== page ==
NATIONAL LEGAL RESEARCH DESK – A Shakti Vahini Research Initiative
Meeting of the Consultative Committee of the Parliament for the Ministry of Women and Child Development (WCD) was held here today. The declining sex ratio and role of Sabla, scheme for empowering adolescent girls, were discussed in the meeting. The Minister for Women and Child Development, Smt. Krishna Tirath, highlighted the issue of declining child sex ratio in many States in the country including Maharashtra, Rajasthan, Madhya Pradesh, and Nagaland. The Minister stated that the Child Sex Ratio which is 914 as per the 2011 census, indicates a larger societal issue which is multidimensional. It points to a societal mindset where largely preference is given to the male child due to several reasons. She underlined the importance of creating awareness about this grave situation and highlighted the need for change in the mindset within the society. She stated that Members of Parliament and members of Panchayati Raj Institutions can be the change agents and can work together towards on this issue. The Ministry’s schemes, such as Sabla and Dhanlaxmi, are designed towards empowering the adolescent girls, she stated. The Minister also stated that the Ministry has constituted a Sectoral Innovation Council on declining Child Sex Ratio. Its recommendations are soon expected.
A presentation was made on the declining child sex ratio within the country and outlined the features of several schemes of the Ministry meant to empower women and adolescent girls which would help to arrest this trend of declining child sex ratio. The Sabla scheme of the Ministry targets adolescent girls between 11-18 years of age. Introduced in October, 2010 for all-round development of adolescent girls on ICDS platform, it is presently being implemented in a pilot mode in 200 districts. The expected beneficiary coverage is about 1 crore adolescent girls per annum. While the focus for the nutrition component is on out of school girls in age group of 11-14, and all girls within the 14-18 age group, all out of school girls are covered for the non-nutrition component. The scheme aims to bring the adolescent girls in the mainstream of education.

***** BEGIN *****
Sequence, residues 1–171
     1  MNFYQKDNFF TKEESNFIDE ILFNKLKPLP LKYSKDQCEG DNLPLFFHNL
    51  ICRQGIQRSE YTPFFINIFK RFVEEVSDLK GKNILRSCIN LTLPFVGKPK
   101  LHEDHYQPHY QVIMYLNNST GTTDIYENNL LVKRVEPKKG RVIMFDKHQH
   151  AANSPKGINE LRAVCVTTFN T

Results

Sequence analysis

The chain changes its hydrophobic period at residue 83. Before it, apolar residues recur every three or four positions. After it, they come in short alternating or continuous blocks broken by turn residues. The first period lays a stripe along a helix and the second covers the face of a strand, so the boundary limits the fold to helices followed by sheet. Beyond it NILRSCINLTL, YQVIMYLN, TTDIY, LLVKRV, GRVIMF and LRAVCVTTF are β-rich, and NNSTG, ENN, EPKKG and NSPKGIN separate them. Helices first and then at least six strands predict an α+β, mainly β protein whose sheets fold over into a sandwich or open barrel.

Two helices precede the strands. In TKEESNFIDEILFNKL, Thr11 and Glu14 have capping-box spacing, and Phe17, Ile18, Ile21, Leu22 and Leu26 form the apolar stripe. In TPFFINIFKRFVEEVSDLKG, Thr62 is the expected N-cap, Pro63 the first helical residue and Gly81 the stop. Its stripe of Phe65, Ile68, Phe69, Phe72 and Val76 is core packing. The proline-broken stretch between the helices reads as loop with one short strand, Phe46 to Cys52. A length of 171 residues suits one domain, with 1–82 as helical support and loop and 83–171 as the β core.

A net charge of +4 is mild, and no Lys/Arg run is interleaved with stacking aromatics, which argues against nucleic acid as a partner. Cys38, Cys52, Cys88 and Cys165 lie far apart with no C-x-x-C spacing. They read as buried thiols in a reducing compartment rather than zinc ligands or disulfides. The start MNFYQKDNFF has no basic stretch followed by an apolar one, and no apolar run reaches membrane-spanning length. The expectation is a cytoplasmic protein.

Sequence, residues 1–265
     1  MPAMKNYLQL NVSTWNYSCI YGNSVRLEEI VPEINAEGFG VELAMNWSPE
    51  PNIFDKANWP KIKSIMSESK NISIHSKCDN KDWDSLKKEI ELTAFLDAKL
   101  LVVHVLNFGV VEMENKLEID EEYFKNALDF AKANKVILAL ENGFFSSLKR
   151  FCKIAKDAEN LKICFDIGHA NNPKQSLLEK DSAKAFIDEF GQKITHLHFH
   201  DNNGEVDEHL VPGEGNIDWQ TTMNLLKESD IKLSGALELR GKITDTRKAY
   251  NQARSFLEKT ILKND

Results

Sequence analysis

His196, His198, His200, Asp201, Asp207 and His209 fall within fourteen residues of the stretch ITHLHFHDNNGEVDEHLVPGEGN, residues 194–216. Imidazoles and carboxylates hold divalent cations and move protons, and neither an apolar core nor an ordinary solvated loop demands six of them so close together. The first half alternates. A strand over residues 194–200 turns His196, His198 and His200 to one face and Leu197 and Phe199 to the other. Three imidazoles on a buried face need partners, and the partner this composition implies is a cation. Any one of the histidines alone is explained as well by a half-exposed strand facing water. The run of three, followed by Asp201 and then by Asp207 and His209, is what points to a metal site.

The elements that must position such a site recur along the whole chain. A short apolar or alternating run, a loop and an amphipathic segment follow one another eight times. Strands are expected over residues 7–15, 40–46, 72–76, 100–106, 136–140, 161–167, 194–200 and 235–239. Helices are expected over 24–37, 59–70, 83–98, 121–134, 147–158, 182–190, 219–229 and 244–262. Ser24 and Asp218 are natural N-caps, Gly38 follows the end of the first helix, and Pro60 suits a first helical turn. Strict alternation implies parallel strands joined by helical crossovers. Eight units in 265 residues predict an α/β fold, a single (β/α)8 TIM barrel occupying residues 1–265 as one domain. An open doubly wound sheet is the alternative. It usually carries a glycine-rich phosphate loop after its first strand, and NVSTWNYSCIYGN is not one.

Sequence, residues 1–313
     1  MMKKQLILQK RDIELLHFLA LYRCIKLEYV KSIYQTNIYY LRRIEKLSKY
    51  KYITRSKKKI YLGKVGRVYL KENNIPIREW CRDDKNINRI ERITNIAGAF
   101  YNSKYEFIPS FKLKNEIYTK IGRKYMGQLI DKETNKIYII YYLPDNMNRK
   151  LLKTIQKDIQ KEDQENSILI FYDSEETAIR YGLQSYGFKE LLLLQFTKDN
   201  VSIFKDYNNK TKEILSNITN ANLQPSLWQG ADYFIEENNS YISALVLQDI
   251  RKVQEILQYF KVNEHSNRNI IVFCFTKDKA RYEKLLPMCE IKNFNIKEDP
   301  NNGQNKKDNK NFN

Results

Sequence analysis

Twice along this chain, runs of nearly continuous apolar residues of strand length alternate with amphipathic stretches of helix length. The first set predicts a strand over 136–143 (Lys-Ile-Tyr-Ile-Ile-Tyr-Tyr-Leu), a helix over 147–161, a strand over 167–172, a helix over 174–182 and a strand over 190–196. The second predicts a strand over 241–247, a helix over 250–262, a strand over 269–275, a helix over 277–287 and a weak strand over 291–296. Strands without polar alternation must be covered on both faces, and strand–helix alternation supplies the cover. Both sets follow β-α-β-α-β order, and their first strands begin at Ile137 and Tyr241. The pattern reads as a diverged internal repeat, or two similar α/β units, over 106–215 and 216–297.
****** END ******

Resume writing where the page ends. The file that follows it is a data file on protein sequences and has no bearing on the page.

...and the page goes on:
The Members of Parliament expressed serious concern about this declining trend and underscored the need to create mechanisms which would ensure effective implementation of the Pre-Conception and Pre-Natal Diagnostic Technique (Prohibition of Sex Selection) Act 1994 (PCPNDT Act). The PCPNDT Act prohibits sex selection and regulates prenatal diagnostic techniques to prevent their misuse for sex determination leading to sex-selective abortion. The Act is administered by the Ministry of Health and Family Welfare and enforcement lies with the State Governments. There have however been serious issues with its implementation, the Members noted, which largely stem from the societal issues such as, patriarchal nature of the Indian society, shrinking size of the family and preference for male child. This is also encouraged by advances in technology that encourage sex selective abortion, they opined. A need was thus felt to strengthen the mechanisms that would deter such sex selection leading to abortion of the girl child. The implementation issues connected with clinics indulging in illegal abortion following sex determination were also discussed. The Members also stated that it was equally important to educate the mother and the women in the family, in addition to creating awareness among the male members.